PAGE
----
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The Smart Production Lab at CPI is a test bed for supply chain, production, and smart manufacturing algorithms. It is a fully functional laboratory, equipped with a variable speed conveyor systems, cameras and camera rigs, workstations, and user interface consoles. The objective of this setup is to use a scaled version of practical production environments to validate state-of-the-art algorithms for  supply chain and smart manufacturing systems, developed by CPI’s team of graduate students and postdoctoral researchers.

Related Projects

Computer vision based process monitoring

Cameras are affordable, low-cost sensors, and computer vision algorithms have matured to a point where camera technology is ideally suited for process monitoring. A network of cameras have been set up in the smart production lab. This systems automatically collects and reports information about the flow of product over the conveyor system and the status of inventory at any given instant. Technical development is currently underway to extend the capabilities of our computer vision system to associate unique identifiers such as QR code with the product so that a live database of the production system can be maintained and made available to the process manager.

Operational metrics development and testing for supply chains

The conveyor and workstation setup in the smart production lab affords an excellent opportunity to simulate real supply chain environments. Our models have the ability to detect early stage disruptions in production systems and supply chains. This is possible due to the development of novel operational metrics which describe how well a system is using its available resources and raw material. Our models are validated using manual observation of production scenarios set up in the lab; or by using our camera network to provide the same information in real time.

Decision making model development and testing

Decisions about production processes need to be made in a timely manner and communicated to the person best placed to implement them at the right time. In the absence of such a guarantee, the best analytics and data gathering systems can do little to stop inefficiencies and delays. We have developed communication models using swim lane mapping and digraph theory which address the issue of timely and accurate communication.  The ‘command center’ in the production lab is a multi-screen display which renders a live feed of the production process in the conveyor room, a real time video analysis, and graphical information from the operational metrics model. This information feed, when sourced to the appropriate decision maker as determined by the decision model, enables quick and accurate corrective measures to be taken to improve production output. The setup and design of the smart production lab facilitates a complete testing of our vision for smart production systems.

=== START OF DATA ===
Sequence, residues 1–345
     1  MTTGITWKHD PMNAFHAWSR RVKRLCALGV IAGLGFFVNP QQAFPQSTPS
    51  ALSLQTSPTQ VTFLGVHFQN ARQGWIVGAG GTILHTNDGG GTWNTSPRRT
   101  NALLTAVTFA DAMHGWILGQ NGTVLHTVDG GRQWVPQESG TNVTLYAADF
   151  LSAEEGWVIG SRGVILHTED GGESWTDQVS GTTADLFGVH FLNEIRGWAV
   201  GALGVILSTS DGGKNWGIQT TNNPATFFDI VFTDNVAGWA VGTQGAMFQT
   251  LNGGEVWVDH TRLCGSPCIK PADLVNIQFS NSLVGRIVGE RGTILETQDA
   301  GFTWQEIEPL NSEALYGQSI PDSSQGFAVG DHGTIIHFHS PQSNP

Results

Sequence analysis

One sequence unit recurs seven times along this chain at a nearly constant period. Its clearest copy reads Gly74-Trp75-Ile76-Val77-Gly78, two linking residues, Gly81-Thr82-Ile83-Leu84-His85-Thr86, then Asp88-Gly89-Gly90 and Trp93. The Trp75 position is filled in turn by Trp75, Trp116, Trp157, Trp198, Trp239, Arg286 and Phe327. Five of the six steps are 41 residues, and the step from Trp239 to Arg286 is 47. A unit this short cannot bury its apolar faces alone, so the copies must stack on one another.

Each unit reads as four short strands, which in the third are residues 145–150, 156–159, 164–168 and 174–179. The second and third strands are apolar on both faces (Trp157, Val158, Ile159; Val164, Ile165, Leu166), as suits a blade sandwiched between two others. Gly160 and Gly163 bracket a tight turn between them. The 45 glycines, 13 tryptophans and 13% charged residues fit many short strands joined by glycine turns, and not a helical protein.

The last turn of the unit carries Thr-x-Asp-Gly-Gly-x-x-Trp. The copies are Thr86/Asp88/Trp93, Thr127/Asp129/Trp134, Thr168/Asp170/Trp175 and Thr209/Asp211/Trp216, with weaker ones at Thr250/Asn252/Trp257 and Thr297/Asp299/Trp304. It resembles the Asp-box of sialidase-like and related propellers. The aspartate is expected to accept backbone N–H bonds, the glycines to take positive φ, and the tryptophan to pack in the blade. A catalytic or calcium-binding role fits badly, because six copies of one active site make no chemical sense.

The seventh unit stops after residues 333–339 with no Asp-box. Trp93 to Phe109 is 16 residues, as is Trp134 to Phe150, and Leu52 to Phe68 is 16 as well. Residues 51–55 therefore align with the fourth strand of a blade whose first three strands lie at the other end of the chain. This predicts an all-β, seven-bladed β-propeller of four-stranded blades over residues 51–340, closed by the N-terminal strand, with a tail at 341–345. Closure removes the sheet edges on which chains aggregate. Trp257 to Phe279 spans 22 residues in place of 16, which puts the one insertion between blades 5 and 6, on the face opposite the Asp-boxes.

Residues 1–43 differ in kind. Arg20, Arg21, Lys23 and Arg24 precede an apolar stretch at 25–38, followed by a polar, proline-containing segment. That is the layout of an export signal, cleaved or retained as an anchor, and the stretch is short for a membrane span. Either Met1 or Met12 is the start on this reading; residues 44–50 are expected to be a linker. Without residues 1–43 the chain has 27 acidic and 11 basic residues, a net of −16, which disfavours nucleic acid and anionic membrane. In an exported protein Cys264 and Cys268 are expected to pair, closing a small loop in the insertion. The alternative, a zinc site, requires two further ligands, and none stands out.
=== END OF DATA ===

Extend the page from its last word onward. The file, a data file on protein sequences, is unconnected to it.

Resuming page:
Robot-human collaborations and task assignments

Robots are becoming smarter and more capable of working in human populated environments and collaborating with their human leaders in such workspaces. Production tasks are often complex and are divided into subtasks using time and motion studies or process mapping. The optimal allocation of subtasks to humans and their robot collaborators is, as yet, poorly understood and formulated. We have developed swim lane techniques for process mapping which enable a qualitative study of the issue of optimal task allocation. We have developed mobile robotic ‘assistants’ which can be used to experimentally validate various task assignment paradigms. The production lab provides access to cameras, workstations, and other hardware which can be used for a complete study of task allocation in human-robot collaborations.